Grades

Just today, I had at least three private talks with students who have expressed great anxiety over their grades.  This is actually not counting all the other incidents of “grades crisis” I heard that students have gone through over the past few weeks.  At what point do grades become oppressive to students?

I have seen a disturbing trend, especially at our school, where grades have become the measurement of a student’s worth, especially as compared to their peers.  They use it as a way to elevate others and put themselves down or elevate themselves and put others down.  Even worse, some students internalize this letter as what defines who they are.  Because of the academic nature of our school and the importance we place on performance, it is understandable that students put a lot of stock in the grade they earn in class.  Moreover, there is very real pressure to have something to show for when college applications roll along.  It doesn’t help that parents push just as hard to compete for the best spots out there.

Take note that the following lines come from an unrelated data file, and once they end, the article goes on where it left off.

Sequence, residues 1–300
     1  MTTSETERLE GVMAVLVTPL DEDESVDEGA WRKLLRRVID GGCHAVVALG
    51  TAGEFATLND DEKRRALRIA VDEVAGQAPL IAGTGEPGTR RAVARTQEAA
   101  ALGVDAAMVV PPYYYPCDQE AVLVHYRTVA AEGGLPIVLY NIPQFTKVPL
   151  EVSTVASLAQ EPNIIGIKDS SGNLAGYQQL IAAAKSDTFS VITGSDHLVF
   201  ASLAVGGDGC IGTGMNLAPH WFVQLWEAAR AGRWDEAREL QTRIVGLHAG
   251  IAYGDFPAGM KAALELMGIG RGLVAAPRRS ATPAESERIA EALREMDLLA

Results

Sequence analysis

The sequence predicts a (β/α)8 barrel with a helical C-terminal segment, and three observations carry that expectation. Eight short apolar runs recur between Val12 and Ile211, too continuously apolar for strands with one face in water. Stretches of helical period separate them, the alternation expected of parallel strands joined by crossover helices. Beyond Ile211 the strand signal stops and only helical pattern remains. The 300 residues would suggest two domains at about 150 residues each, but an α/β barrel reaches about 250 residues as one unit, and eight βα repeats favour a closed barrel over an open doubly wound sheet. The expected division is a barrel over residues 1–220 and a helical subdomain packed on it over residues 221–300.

As a teacher, it saddens me to see students put more emphasis on grades than on actual learning.  Certainly, grades show that students are learning … but do they really?  What is learning?  And what is the best way to assess learning?  Personally, I think the human mind is far more complex … and a letter grade is far too simplistic a way to measure one’s learning, much less one’s worth.

Leave a Reply